Nobody should worry about Matthew Hatton. He has seen the bright lights before. He has seen the big opponents and the hoopla they bring. He knows exactly what to expect on Saturday night, when he faces the young Mexican sensation Saul Alvarez in their HBO-televised 12-rounder at the Honda Center, in Anaheim, CA.
But one thing will be different. For the first time, it is Matthew, not his big brother Ricky, in the full glare of the spotlight. The other problem is this: The fighter sharing it with him is a streaking, unbeaten prospect who is already being groomed for greatness.
After more than ten years in the shadows, and against the wishes of his camp, the younger Hatton is stepping up a division to fight Alvarez for the WBC super welterweight championship given up by Manny Pacquiao, the man who effectively ended his brother's career nearly two years ago.
Not surprisingly, Hatton is a long shot with the oddsmakers - as high as 6-1 against in Britain - and an even bigger outsider in America despite six previous appearances in the U.S.
But the 29-year-old from Manchester, England, says he is confident he can "tear the script up." He claims speed and workrate hold the key to him pulling off a victory that would rank among the biggest upsets of recent years.
"I'm on a roll at the moment," said Hatton, 41-4-2 (16), just before flying out to the States from London. "I've won the European [welterweight] title and successfully defended it twice. A world title opportunity was the next stage. It's quite a surprise that I'm getting it at junior middleweight, but it's a good opportunity and I'm ready to take it."
His most vocal supporter will be his brother, who is co-promoting the fight under the Hatton Promotions banner, but the younger Hatton insists he has never felt any pressure to match his sibling's achievements.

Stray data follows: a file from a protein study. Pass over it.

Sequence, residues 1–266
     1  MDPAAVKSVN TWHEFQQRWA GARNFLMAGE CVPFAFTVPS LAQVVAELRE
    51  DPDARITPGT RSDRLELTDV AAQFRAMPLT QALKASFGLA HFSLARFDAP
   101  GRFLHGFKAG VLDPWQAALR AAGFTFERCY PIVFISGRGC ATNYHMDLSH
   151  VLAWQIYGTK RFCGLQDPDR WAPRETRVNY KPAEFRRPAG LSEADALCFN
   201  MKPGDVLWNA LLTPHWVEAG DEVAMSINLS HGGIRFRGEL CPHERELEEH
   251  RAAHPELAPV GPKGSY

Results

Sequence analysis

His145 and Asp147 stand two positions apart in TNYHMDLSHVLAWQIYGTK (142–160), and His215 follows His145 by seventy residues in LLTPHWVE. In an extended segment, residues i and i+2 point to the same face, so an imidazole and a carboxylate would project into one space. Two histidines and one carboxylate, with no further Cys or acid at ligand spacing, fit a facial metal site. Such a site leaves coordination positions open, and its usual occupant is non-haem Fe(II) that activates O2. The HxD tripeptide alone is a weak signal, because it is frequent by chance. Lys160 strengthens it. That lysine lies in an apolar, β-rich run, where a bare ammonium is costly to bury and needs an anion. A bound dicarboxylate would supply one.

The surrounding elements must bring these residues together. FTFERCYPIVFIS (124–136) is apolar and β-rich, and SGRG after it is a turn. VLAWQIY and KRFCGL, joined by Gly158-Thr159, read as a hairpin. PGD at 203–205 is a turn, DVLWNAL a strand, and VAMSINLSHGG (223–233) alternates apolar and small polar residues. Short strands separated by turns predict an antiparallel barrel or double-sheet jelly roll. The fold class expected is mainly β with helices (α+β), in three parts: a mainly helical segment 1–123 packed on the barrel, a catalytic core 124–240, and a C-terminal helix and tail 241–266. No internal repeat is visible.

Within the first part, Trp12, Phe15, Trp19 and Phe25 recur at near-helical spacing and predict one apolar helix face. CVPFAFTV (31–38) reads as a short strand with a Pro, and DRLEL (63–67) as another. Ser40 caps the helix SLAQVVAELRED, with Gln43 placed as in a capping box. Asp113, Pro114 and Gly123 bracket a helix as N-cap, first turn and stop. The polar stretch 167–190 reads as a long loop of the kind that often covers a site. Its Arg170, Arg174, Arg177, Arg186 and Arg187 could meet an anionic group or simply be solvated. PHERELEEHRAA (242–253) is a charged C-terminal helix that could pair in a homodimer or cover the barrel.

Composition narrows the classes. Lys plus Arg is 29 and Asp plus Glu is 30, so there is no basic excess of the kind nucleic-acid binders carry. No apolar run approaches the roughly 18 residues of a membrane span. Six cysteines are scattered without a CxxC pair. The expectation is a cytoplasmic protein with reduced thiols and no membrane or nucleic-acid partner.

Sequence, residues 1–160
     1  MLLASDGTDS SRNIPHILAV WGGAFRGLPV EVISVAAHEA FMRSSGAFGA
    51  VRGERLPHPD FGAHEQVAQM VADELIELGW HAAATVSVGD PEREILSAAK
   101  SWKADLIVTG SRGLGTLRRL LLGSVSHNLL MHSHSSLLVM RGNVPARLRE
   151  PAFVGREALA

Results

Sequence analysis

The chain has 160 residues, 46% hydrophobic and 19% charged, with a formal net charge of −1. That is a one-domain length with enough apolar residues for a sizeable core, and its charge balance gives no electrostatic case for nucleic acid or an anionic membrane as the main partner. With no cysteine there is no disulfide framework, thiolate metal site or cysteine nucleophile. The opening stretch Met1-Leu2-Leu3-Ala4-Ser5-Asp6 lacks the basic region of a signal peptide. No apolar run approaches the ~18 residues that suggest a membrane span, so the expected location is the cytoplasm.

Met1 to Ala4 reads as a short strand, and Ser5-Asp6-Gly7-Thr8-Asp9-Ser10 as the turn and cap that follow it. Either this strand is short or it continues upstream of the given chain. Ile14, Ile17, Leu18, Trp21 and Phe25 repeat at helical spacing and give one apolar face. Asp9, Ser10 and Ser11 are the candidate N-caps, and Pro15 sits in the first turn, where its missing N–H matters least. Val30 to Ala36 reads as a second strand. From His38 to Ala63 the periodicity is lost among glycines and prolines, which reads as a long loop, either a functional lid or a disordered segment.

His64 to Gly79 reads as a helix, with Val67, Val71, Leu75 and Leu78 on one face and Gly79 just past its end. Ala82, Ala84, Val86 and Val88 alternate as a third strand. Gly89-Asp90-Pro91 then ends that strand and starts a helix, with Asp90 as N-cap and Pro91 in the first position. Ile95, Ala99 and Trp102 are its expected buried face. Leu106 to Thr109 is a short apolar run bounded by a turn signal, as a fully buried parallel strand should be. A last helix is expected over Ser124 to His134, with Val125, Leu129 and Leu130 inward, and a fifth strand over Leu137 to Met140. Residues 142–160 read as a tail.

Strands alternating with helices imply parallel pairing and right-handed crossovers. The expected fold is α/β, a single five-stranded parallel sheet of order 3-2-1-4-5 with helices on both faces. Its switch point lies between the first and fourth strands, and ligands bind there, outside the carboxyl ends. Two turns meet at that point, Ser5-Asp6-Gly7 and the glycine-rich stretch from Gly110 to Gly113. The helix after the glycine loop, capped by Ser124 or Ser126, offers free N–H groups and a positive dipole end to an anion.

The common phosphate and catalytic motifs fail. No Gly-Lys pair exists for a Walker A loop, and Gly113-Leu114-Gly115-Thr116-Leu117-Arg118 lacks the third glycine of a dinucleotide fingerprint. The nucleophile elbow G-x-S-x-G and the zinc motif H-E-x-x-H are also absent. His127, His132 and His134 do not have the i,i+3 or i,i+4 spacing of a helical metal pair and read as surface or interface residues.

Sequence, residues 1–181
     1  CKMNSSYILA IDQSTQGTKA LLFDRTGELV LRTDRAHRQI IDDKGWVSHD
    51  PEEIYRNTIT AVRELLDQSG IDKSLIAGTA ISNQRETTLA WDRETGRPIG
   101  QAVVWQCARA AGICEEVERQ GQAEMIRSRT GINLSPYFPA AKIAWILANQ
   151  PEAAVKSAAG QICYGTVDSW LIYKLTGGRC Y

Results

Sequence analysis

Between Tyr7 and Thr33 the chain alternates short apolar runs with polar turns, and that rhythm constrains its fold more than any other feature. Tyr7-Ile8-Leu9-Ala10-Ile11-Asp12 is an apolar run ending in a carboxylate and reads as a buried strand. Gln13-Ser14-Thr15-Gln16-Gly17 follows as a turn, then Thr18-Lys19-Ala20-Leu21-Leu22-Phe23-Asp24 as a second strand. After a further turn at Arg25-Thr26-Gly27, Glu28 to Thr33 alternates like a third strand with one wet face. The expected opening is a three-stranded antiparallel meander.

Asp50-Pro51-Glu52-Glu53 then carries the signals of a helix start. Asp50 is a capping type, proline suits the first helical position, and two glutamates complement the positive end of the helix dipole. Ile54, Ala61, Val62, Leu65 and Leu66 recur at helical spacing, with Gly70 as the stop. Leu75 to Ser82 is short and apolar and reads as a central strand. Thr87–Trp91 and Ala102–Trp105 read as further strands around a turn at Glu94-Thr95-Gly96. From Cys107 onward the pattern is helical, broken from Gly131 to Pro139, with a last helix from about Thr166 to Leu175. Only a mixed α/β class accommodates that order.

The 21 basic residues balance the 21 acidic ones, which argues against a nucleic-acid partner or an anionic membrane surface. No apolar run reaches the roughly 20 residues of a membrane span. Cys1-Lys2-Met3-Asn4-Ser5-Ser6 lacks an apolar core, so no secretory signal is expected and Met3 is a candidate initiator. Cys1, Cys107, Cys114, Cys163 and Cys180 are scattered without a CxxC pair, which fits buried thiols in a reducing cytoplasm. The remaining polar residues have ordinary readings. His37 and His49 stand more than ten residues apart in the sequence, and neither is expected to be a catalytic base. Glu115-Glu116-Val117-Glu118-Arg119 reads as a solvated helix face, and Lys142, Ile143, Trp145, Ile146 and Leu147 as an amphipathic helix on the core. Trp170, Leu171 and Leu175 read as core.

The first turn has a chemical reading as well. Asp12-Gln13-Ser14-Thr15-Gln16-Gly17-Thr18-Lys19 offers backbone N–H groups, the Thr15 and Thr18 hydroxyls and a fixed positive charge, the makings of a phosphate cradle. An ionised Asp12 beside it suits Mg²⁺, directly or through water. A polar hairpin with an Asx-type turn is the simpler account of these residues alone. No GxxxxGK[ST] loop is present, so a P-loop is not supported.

"Ricky's been a fantastic fighter, but it's never really been my ambition to emulate him or other fighters," admitted Hatton. "I just want to be the best I can possibly be. It's always been my ambition to become a world champion. It's within touching distance now, so I can't wait for it."
He might have to go through hell to win. Alvarez, still only 20, is unbeaten in 36 fights and already provoking comparisons with the great Mexican fighters of the past. But Hatton stressed: "The pressure's on him. People make him a strong favourite to win. Also, he's got a massive following. The fight's near LA, where there's a large Mexican contingent. The crowd are going to be behind him. I do feel as if it's a situation where I've got everything to gain and nothing to lose, and I think that makes me very dangerous."
Fighting away from home won't worry Hatton at all. In the space of three years from 2006, he fought five times in Las Vegas and once in Boston, all on major HBO cards topped by his brother. But he is far from complacent. Hatton is expecting his toughest fight against Alvarez, who will be having his third bout in the U.S. since joining Golden Boy Promotions last year.
"He's a good all-rounder," conceded Hatton. "He can box, he can fight. He's been pretty dominant in most of his fights, and that's a testament to him because he has been [several] levels above his opponents. Saul is definitely the best fighter I will have faced in my career so far, but I believe, likewise, I will be the stiffest test of his career so far. I think I'm a better fighter than the level of opposition he's been facing.
"[Carlos] Baldomir and [Lovemore] Ndou [Alvarez's last two opponents] don't have the desire or the determination that I have. I'm a very fit fighter. I'll take him out of his comfort zone. I'll fight at a high pace, which I don't believe he's used to. He's got strengths, but he's also got weaknesses."
Hatton last fought Stateside in May 2009, winning an eight-round decision over the Mexican Ernesto Zepeda on the undercard of his brother's crushing second-round loss to Pacquiao at the MGM Grand in Las Vegas.
"I've improved massively since then," insisted Hatton. "I don't just think I'm the most improved fighter in Britain, I think I'm one of the most improved fighters in the world. I think they'll see a big difference. People in the States might be writing me off, but I think I'm going to shock a few people, for sure."
"I do feel as if it's a situation where I've got everything to gain and nothing to lose, and I think that makes me very dangerous."
Posted 12:00 AM | Mar 2, 2011
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